Do YOU Have a Belly? I Do!

Like most American women, I’ve struggled with my body image since I was about 8 years old. Of course, it didn’t get really crazy until I got to High School. I was bored and intellectually unchallenged at my high school, a destructive combination for me, and I became obsessed with what I perceived to be my physical imperfections. I struggled with an eating disorder for about six months before I got angry and decided I didn’t want to hurt myself anymore. But ever since, I’ve hated my belly, where I really manifested a lot of my body image issues.

Apparently, I’m not the only one! Turns out many women have a complicated relationship with their bellies.
Which brings me to The Belly Project. Started by Dr. Karen Rayne and Midwife Christy Tashjian, the site aims to show all kinds of bellies, from young to older, from pregnant to washboard and everything in between. They write on their site:

…perhaps nothing is as preoccupying to us as our bellies. Our bellies are intimately related our sexuality and to our reproductive lives.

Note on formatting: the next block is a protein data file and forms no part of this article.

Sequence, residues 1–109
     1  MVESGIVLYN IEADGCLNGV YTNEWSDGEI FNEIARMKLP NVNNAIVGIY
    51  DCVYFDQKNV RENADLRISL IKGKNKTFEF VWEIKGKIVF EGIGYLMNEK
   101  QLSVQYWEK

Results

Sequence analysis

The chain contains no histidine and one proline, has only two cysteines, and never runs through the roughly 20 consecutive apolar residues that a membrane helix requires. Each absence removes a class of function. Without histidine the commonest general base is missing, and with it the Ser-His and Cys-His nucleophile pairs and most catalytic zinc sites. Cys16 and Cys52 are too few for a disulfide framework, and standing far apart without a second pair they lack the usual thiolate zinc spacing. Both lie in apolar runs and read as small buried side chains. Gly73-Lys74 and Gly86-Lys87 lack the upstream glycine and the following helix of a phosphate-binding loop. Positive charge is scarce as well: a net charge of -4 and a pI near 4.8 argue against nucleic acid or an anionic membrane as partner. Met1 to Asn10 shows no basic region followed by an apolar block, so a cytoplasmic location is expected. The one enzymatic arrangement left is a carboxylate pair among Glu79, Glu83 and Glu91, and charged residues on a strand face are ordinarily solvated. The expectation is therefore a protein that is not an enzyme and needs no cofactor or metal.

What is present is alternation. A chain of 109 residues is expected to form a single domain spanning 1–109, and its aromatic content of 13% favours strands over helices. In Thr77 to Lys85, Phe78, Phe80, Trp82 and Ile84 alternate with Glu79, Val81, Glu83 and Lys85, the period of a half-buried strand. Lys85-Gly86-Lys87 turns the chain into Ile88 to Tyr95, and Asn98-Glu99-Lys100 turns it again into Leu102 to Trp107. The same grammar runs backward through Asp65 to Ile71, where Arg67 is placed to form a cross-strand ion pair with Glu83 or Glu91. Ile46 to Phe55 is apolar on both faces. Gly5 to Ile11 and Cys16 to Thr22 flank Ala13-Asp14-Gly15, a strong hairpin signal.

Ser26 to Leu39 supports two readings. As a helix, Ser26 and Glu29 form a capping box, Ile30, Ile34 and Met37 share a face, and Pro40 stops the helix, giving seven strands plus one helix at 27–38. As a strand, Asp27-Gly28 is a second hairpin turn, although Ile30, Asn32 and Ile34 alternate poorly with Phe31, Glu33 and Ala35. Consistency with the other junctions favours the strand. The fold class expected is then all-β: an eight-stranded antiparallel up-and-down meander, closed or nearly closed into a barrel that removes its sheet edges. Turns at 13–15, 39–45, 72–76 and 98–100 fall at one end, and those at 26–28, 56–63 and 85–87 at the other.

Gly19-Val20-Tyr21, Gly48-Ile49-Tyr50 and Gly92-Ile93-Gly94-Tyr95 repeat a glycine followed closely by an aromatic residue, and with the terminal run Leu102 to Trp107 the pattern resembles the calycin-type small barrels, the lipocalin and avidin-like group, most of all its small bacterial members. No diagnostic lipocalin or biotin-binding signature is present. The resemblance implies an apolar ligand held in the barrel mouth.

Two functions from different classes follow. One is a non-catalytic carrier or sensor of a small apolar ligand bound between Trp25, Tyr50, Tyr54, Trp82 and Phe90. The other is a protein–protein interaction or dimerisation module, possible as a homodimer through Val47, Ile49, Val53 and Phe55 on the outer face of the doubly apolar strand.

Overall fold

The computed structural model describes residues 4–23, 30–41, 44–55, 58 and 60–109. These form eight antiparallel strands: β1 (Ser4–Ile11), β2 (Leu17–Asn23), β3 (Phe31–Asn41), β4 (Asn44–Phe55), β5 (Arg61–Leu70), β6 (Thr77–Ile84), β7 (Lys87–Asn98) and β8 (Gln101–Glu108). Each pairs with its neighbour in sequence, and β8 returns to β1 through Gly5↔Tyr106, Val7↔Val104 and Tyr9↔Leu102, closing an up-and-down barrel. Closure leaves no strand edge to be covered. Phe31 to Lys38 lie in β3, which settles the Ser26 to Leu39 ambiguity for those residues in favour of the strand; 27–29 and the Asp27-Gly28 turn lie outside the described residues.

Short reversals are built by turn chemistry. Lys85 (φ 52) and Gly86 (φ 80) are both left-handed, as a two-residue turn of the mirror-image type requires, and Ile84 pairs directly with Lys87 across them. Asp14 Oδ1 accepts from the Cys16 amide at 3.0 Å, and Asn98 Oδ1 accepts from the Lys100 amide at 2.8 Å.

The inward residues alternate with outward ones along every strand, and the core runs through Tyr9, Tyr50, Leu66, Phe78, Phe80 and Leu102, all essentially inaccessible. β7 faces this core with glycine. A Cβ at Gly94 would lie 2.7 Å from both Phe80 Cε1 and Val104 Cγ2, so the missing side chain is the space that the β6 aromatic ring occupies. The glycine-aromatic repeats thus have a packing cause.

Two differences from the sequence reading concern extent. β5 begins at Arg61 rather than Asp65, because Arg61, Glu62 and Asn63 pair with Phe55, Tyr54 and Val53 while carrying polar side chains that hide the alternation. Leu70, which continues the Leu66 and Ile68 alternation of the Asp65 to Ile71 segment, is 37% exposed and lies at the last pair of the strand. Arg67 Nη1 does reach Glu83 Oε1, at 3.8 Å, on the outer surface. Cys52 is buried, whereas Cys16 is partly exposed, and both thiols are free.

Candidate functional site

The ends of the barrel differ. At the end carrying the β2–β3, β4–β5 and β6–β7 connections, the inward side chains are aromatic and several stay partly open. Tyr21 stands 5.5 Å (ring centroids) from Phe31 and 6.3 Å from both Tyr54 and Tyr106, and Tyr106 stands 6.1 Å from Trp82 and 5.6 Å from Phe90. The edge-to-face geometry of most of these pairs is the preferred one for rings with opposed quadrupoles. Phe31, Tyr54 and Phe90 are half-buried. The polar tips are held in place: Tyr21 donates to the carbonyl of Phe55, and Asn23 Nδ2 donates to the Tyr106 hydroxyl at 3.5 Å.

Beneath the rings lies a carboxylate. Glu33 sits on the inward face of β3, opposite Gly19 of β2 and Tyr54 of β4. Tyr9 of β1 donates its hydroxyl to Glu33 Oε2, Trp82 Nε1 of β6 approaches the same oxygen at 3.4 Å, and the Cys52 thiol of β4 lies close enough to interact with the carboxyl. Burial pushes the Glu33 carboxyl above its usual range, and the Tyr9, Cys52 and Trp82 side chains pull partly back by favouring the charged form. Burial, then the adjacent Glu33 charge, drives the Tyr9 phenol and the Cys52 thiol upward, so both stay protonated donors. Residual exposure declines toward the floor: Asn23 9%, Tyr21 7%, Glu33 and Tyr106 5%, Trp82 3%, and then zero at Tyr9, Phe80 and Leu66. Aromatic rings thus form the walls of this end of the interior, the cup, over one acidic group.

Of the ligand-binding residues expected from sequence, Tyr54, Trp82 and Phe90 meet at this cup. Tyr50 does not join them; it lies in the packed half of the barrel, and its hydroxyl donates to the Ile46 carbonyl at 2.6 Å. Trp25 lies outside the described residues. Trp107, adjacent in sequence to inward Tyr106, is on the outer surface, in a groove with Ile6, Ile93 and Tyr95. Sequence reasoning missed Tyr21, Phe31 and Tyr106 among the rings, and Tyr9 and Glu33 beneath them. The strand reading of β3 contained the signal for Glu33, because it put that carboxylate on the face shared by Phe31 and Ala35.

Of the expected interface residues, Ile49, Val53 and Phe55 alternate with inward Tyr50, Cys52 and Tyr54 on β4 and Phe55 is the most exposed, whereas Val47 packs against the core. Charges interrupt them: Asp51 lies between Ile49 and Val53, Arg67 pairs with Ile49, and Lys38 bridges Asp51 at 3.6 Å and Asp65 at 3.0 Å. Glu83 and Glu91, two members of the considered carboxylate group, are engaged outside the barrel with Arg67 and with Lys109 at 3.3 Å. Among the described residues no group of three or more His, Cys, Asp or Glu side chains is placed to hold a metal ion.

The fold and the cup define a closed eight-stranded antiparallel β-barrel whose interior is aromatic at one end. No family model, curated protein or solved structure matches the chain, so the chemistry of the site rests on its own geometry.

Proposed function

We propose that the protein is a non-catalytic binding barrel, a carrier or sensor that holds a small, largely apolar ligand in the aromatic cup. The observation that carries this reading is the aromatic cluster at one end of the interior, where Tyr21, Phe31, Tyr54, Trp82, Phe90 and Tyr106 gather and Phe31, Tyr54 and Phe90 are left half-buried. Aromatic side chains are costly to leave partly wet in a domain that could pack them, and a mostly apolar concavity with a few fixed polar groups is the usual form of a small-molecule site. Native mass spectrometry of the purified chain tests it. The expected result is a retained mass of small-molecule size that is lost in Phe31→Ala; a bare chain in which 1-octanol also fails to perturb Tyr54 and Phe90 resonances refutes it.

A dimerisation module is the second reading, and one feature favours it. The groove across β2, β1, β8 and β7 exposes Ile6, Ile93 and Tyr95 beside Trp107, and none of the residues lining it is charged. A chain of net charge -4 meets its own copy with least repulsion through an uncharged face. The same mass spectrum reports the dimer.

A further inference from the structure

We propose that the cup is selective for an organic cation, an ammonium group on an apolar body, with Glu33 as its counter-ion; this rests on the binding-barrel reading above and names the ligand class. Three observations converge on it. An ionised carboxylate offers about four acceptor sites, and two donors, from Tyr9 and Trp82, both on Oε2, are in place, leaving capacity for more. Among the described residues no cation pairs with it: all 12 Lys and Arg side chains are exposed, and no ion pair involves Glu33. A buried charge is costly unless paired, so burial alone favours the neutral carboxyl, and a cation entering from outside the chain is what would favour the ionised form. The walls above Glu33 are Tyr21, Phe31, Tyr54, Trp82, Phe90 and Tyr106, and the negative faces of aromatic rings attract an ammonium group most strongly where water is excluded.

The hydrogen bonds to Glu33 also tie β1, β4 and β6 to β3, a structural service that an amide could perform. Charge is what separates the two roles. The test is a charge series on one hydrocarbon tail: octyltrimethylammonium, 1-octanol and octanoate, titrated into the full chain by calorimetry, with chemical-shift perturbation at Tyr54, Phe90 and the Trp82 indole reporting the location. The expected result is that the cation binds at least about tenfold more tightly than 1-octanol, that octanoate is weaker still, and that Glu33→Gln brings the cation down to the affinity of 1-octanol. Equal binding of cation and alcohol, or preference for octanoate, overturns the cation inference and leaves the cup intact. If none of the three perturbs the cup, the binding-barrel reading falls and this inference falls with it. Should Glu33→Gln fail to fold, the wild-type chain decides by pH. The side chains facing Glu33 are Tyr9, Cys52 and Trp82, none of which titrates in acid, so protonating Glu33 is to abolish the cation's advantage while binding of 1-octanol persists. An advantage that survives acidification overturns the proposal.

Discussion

We will include pictures of women’s bellies, their age, and the number of pregnancies, abortions, and miscarriages they have had.

This site made me realize that I only ever see two types of bellies about 95% of the time; those of models and those of pregnant models, which definitely gives us all an unbalanced perception about the variety of women’s bodies. It is so rare that we see regular women’s bellies, and after looking through the gallery I had a totally new perspective on my own! So much so that I contributed my own belly and details to the project. And this has all helped me think about my body differently, and more kindly.

The site’s been featured on tons of blogs, including Glamour.com, Jezebel, The Feminist Majority, and others. What an amazing and creative use of the Internet to shed some light on a subject that is endlessly discussed, but often hard to tackle in a concrete way.

Starre Vartan is founder and editor-in-chief of Eco-Chick.com and the author of the Eco-Chick Guide to Life. She's also a freelance science and environment writer who has published in National Geographic, CNN, Scientific American, Mental Floss, Pacific Standard, the NRDC, and many more. She lives on an island in Puget Sound with her partner and black cat. She was a geologist in her first career, and still picks up rocks wherever she goes.